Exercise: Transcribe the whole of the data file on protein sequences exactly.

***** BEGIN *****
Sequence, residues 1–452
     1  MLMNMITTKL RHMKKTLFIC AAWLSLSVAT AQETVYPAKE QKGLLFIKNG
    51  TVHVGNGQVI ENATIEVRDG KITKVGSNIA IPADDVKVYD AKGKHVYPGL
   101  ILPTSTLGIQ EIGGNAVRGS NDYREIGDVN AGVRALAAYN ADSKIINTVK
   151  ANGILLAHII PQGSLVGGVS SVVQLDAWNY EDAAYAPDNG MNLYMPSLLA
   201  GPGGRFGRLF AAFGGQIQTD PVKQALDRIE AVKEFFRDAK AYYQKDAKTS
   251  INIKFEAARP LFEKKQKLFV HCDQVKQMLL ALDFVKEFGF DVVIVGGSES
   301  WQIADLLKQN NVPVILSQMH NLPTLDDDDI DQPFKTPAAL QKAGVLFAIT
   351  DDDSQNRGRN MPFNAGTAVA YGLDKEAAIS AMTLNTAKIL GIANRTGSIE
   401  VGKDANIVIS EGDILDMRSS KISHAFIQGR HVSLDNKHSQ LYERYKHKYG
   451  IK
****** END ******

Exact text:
Sequence, residues 1–452
     1  MLMNMITTKL RHMKKTLFIC AAWLSLSVAT AQETVYPAKE QKGLLFIKNG
    51  TVHVGNGQVI ENATIEVRDG KITKVGSNIA IPADDVKVYD AKGKHVYPGL
   101  ILPTSTLGIQ EIGGNAVRGS NDYREIGDVN AGVRALAAYN ADSKIINTVK
   151  ANGILLAHII PQGSLVGGVS SVVQLDAWNY EDAAYAPDNG MNLYMPSLLA
   201  GPGGRFGRLF AAFGGQIQTD PVKQALDRIE AVKEFFRDAK AYYQKDAKTS
   251  INIKFEAARP LFEKKQKLFV HCDQVKQMLL ALDFVKEFGF DVVIVGGSES
   301  WQIADLLKQN NVPVILSQMH NLPTLDDDDI DQPFKTPAAL QKAGVLFAIT
   351  DDDSQNRGRN MPFNAGTAVA YGLDKEAAIS AMTLNTAKIL GIANRTGSIE
   401  VGKDANIVIS EGDILDMRSS KISHAFIQGR HVSLDNKHSQ LYERYKHKYG
   451  IK